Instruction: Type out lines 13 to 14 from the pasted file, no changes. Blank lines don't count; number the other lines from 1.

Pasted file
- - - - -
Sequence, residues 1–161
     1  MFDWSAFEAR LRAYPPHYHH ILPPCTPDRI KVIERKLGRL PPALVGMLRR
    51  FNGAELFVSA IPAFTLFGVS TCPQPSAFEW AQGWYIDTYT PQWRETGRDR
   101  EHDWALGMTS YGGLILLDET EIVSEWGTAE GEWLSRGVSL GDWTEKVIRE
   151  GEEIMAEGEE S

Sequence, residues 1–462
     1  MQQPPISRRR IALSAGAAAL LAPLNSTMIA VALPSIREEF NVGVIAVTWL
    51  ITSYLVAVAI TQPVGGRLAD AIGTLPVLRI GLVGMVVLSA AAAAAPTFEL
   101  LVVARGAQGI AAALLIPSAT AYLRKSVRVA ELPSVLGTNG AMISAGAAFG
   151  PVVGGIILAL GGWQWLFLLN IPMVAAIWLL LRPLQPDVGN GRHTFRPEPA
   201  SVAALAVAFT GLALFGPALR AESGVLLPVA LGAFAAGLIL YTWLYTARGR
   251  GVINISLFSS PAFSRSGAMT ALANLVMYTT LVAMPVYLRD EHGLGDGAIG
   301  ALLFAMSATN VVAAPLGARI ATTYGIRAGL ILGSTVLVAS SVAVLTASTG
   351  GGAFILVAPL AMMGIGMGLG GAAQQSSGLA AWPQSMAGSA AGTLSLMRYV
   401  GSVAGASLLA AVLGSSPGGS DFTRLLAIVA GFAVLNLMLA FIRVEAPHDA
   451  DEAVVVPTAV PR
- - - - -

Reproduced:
   301  ALLFAMSATN VVAAPLGARI ATTYGIRAGL ILGSTVLVAS SVAVLTASTG
   351  GGAFILVAPL AMMGIGMGLG GAAQQSSGLA AWPQSMAGSA AGTLSLMRYV